Case Report

An Unusual Complication of Transradial Coronary Angiography

Margaret B. McEntegart, PhD, MRCP, Jonathan R. Dalzell, MRCP, M. Mitchell Lindsay, MD, MRCP
Margaret B. McEntegart, PhD, MRCP, Jonathan R. Dalzell, MRCP, M. Mitchell Lindsay, MD, MRCP
From the Department of Cardiology, Western Infirmary, Glasgow, G11 6NT, United Kingdom. The authors report no conflicts of interest regarding the content herein. Manuscript submitted December 16, 2008, provisional acceptance given February 6, 2009, and final version accepted February 20, 2009. Address for correspondence: Jonathan R. Dalzell, MRCP, Department of Cardiology, Western Infirmary, Dumbarton Road, Glasgow, G11 6NT, United Kingdom. E-mail:

_______________________________________________ ABSTRACT: We report the first case of extensive cellulitis and staphylococcal bacteremia with the subsequent development of a remote mycotic pseudoaneurysm in the ipsilateral brachial artery following right transradial coronary angiography in a diabetic patient with previous right axillary node clearance. The potential for serious complication should be borne in mind when deciding on the site of vascular access in such patients.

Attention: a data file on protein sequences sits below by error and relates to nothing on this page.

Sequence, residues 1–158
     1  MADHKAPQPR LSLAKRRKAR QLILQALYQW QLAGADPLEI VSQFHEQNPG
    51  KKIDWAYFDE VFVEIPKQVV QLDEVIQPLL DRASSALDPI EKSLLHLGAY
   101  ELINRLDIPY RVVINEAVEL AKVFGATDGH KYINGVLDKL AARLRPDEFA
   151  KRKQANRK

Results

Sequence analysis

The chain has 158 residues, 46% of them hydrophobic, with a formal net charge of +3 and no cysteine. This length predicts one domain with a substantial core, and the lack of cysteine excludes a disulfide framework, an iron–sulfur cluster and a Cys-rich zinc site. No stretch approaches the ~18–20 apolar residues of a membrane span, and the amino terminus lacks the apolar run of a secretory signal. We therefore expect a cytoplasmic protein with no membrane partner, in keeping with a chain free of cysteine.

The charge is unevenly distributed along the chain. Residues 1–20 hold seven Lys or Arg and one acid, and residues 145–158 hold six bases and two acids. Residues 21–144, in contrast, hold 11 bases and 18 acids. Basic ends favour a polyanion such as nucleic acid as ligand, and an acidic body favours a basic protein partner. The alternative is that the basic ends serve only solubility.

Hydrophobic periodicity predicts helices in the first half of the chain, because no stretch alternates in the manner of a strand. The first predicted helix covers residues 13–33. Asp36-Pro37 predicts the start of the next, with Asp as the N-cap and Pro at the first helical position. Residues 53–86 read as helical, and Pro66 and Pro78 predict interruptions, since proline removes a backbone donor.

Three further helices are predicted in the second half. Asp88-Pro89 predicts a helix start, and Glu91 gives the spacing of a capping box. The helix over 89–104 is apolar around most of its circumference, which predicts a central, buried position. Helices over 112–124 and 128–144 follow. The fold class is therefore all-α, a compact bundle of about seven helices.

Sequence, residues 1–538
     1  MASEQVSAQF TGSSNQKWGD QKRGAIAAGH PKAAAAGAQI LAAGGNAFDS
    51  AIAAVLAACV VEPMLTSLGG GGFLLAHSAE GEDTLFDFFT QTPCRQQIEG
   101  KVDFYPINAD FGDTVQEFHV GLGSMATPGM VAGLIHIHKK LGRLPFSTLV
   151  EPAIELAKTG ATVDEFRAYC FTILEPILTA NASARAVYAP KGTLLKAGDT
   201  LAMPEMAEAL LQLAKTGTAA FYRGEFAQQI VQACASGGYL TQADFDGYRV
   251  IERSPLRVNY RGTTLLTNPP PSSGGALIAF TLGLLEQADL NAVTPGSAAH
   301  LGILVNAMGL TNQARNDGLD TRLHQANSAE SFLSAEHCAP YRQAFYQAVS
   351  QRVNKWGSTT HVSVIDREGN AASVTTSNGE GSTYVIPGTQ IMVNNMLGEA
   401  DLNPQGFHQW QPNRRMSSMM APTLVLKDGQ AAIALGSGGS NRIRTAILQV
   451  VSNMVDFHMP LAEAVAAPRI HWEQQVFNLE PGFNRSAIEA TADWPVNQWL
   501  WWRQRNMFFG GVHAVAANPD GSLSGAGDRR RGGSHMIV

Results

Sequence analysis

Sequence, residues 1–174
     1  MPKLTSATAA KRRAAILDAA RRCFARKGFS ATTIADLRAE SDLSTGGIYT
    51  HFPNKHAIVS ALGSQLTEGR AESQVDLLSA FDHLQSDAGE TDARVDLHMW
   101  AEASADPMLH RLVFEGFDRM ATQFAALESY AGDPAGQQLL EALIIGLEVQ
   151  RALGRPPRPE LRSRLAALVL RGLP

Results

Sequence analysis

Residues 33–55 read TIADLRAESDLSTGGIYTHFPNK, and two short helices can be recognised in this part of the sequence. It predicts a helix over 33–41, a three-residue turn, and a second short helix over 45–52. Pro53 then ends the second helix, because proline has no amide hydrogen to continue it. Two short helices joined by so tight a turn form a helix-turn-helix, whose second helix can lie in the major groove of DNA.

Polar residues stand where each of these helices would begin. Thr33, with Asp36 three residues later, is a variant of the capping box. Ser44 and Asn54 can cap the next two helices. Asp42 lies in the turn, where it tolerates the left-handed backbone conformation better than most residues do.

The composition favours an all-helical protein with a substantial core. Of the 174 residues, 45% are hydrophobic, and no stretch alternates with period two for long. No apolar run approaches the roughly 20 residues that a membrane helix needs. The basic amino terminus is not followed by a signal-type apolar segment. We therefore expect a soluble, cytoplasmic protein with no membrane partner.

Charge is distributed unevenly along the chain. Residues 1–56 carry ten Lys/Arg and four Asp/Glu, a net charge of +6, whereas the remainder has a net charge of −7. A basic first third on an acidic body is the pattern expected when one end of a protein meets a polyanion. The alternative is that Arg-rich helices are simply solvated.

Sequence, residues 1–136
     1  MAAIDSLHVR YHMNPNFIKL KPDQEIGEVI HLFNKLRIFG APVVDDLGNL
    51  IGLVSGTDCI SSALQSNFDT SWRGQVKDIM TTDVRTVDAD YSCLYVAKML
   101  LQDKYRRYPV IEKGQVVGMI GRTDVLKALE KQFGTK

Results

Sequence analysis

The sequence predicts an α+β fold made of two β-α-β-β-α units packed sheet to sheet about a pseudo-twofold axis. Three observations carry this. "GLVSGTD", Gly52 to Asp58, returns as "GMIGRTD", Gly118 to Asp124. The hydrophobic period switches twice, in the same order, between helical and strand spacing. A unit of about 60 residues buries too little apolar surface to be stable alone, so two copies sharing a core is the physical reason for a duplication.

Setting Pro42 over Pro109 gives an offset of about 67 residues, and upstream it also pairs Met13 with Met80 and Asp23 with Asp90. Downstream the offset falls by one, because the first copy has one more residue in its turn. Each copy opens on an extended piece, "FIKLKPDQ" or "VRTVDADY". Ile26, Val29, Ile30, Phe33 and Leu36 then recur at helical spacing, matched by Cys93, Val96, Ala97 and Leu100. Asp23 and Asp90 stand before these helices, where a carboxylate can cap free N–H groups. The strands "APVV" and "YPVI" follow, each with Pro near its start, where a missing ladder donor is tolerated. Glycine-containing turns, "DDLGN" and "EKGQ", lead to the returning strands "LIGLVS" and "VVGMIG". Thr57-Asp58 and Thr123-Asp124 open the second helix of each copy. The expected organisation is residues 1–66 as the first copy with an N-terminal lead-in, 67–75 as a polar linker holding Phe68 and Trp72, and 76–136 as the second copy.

J INVASIVE CARDIOL 2009;21:E91–E92 An increased risk of cellulitis of the upper limb is a rare but recognized consequence of axillary node clearance for breast carcinoma which can occur seemingly spontaneously or secondary to recognizable traumatic breaks in the skin.1–4 It has never previously been reported following a sterile clinical procedure. Pseudoaneurysm formation at the site of arterial puncture is a well-recognized complication of coronary angiography. To the best of our knowledge the development of a mycotic pseudoaneurysm remote to the site of arterial puncture has never previously been reported. Case Report. A 73-year old female with diabetes, hypertension and coronary artery disease was admitted for outpatient coronary angiography to investigate recurrent chest pain. She had undergone percutaneous coronary intervention 4 years previously, with the implantation of a bare-metal stent to her right coronary artery. Other relevant past medical history included right-sided breast carcinoma requiring wide local excision with axillary node clearance and adjuvant radiotherapy 8 years previously. She had no history of lymphedema. Uncomplicated coronary angiography was performed via the right radial artery using a 5 Fr sheath and 5 Fr Judkins diagnostic catheters, which revealed modest coronary artery disease. She was commenced on appropriate secondary prevention and discharged home later the same day. She represented as an emergency 48 hours later with pyrexia, extensive erythema of her right hand and forearm and an extremely tender right middle finger. Surgical exploration revealed extensive infection involving the flexor tendon sheath with multiple abscesses along the ulnar border and lateral aspect of the right middle phalynx. A surgical washout of the affected area was performed and she was treated initially with 7 days of intravenous flucloxacillin and benzylpenicillin followed by oral flucloxacillin and penicillin V. Wound swabs were negative, but Staphylococcus aureus (methicillin-sensitive) was detected in multiple blood cultures. She made an uncomplicated recovery and was discharged home after 7 days. On attending the cardiology clinic 3 months later, she complained of swelling and discomfort in her right arm. Examination revealed a pulsatile mass in her right antecubital fossa and signs consistent with median nerve compression. An ultrasound confirmed a 2.2 x 1.6 cm wide-mouthed brachial pseudoaneurysm and she was referred to vascular surgery. Surgical exploration revealed a long defect in the brachial artery and a large false aneurysm sac compressing the median nerve (Figure 1). This defect required a vein graft patch to close (Figure 2). She recovered uneventfully, and 1 year later continues to do well. Discussion. Cellulitis in patients with previous axillary node clearance is more common in those with coexistent lymphedema and can occur spontaneously or following recognized traumatic breaks in the skin.1–4 As far as we are aware, there are no published reports of cellulitis following a sterile medical procedure in a territory without lymphatic drainage. In this case, the impairment of local immune surveillance was compounded by the coexistence of diabetes, resulting in the development of an extraordinarily aggressive and extensive infection involving deep-seated structures as well as the overlying skin. Arterial pseudoaneursym formation is a recognized complication of angiography at the arterial puncture site, but in this case, the pseudoaneurysm developed remotely in the brachial artery. There was no suggestion of trauma to the brachial artery during angiography, and there was no visible swelling or hematoma of the arm following the procedure. Staphlycoccus and salmonella are the pathogens most commonly associated with mycotic aneurysm formation, and late representation with a mycotic pseudoaneurysm has previously been reported in an apparently nontraumatized adjacent artery in the context of regional sepsis.5–8 Thus, the likeliest explanation in this case is a mycotic pseudoaneursym resulting from weakening of the arterial wall by the earlier staphylococcal bacteremia. Conclusion. There are currently no official recommendations regarding the approach to percutaneous procedures in patients with axillary node clearance. While breast surgeons strongly advise avoidance of any percutaneous intervention to a limb in which the lymphatic surveillance has been compromised, there is a lack of awareness of this concern in nonsurgical specialties. Given the increasing popularity of the transradial approach to coronary angiography, this case highlights an extremely important consideration when preparing to perform angiography in female patients. This patient experienced considerable morbidity and two surgical procedures requiring general anesthesia as a result of her angiogram. As such, we recommend that the potential for significant complications should be borne in mind when considering the optimal site for vascular access in patients such as this undergoing cardiac catheterization. Acknowledgement. We would like to thank Mr. D. Kingsmore, FRCS, vascular surgeon for supplying the images.